5. Microsoft's Danger SideKick and Cloud Computing (Thanks 40hz)
Spoiler
https://www.infosecisland.com/articleview/1409-Microsoft%27s-Danger-SideKick-and-cloud-computing.html
CLOUD FAIL! (disclaimer: this statement in no way implies that I give any credence whatsoever to the term "Cloud Computing") A Microsoft subsidiary "Danger" made a whoopsie in the "cloud" this week, losing the address book data (which is apparently stored only in the "cloud") for each and every user of a SideKick mobile device. They've since made some headway in recovery of the data. I found it most interesting how MS was so happy to release details of the faul, blaming Oracle databases and Sun hardware/OS.

Quote
Microsoft has demonstrated that the dark side of cloud computing has no
silver linings. After a major server outage occurred on its watch last
weekend, users dependent on the company have just been informed that their
personal data and photos "has almost certainly been lost."

While occasional service outages have hit nearly everyone in the business,
knocking Google's Gmail offline for hours, plunging RIM's BlackBerrys into
the dark, or leaving Apple's MobileMe web apps unreachable to waves of
users, Microsoft's high profile outage has impacted users in the worst
possible way: the company has unrecoverable lost nearly all of its users'
data, and now has no alternative backup plan for recovering any of it a week
later.

6. Illegal Downloads 150x More Profitable Than Legal Sales
Spoiler
http://torrentfreak.com/illegal-downloads-150x-more-profitable-than-legal-sales-091009/
Torrent Freak certainly can't be considered impartial in this arena, but this could be an interesting insight into why the RIAA so readily backpedaled on their "we won't sue" policy.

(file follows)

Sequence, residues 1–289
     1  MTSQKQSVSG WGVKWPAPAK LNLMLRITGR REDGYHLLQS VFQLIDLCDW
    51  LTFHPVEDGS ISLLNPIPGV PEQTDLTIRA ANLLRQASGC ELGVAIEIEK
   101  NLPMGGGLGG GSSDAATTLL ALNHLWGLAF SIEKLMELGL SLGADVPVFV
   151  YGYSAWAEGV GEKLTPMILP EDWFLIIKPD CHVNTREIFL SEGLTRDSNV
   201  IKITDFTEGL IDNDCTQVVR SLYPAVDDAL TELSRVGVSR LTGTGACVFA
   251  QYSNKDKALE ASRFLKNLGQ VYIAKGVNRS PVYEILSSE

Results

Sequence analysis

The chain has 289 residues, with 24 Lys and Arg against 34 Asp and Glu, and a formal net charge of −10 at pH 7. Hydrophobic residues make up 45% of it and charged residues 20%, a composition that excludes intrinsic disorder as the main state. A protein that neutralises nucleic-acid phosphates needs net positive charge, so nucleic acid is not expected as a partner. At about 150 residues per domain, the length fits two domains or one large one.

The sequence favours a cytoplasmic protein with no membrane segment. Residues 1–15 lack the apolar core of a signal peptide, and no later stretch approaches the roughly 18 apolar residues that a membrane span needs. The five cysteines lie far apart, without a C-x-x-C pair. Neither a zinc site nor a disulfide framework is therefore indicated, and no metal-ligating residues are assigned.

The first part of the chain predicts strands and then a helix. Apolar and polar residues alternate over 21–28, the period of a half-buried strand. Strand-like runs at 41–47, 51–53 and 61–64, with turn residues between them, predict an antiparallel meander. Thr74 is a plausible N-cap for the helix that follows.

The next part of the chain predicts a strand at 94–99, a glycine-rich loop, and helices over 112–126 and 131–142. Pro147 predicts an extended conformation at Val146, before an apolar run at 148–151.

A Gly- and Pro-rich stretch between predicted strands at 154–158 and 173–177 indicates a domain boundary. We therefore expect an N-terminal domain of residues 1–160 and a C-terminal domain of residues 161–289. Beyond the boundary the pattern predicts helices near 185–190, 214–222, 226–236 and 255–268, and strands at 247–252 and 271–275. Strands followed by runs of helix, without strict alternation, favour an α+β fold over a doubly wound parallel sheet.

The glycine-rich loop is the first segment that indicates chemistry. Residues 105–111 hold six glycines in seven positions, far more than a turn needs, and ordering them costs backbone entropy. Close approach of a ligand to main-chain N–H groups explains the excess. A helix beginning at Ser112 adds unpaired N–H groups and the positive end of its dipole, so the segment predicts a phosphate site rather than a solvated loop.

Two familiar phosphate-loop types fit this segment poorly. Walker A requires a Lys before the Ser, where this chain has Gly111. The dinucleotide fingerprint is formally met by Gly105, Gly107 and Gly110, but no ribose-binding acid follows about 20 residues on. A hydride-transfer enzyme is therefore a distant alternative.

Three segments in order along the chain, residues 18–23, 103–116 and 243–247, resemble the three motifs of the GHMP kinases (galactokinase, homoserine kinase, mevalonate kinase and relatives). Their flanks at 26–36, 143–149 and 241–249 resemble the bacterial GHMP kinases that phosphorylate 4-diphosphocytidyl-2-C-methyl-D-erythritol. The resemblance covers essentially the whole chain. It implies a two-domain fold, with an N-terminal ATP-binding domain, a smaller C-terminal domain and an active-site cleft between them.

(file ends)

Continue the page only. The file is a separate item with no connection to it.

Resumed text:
Quote
TorrentFreak has reported before how pirates have been turned into cash cows by the copyright mafia. However, reliable statistics on how much money the entertainment industry and anti-piracy outfits make from illicit downloads have not yet been disclosed, until now.

The German-based anti-piracy outfit DigiRights Solutions (DRS) recently published an interesting PowerPoint presentation (in German) which shows how copyright holders can make millions from pirates. The document reveals some rather shocking statistics that show how illicit downloads are more profitable than legal downloads.

7. Facebook Now Has 30,000 Servers
Spoiler
http://www.datacenterknowledge.com/archives/2009/10/13/facebook-now-has-30000-servers/
Wow, that's some pretty sweet hardware there Facebook.I found it most illuminating where, toward the end, the article mentioned Facebook generated approximately 25 terabytes of logfiles...daily.

Quote
How many servers does Facebook have? For some time now, the stock answer has been “more than 10,000 servers,” a number the company began using in April 2008. Facebook has continued to use that number, even as it has soared past 300 million users and dramatically expanded its data center space.

We now have an update: Facebook has 30,000 servers supporting its operations. That number comes from Jeff Rothschild, the vice president of technology at Facebook, who discussed the company’s infrastructure in a presentation last week at UC San Diego.

8. Judge: Ringtones Aren't Performances, So No Royalties
Spoiler
http://arstechnica.com/tech-policy/news/2009/10/judge-ringtones-arent-performances-so-no-royalties.ars
Fortunately we got a judge with half an ounce of sense. So far, at least, ringtones will not be considered a "performance", and thus will not require the player to pay royalty fees.

Quote
If you have been blessing everyone around you with cell phone "performances" of Beyoncé's "Single Ladies," rest assured that your cell phone provider won't have to pay royalties on it. A federal court has ruled that ringtones played aloud in public are not infringing on the content owners' copyrights because they don't constitute a true performance. (In other news, children are still allowed to sing songs without paying royalties.)

Joking aside (actually, that's less of a joke than you might think), the ringtone argument was made by the American Society of Composers, Authors, and Publishers (ASCAP) earlier this year when it sued certain mobile carriers in the US in an attempt to force them to fork over royalties every time a customer's ringtone is played. Even though the carriers were already paying for download rights to the songs, ASCAP argued that each ring was a "performance" and therefore those download payments weren't enough.

9. Checking Twitter/Facebook: the New Post-coital Cigarette?
Spoiler
http://arstechnica.com/web/news/2009/10/checking-twitterfacebook-the-new-post-coital-cigarette.ars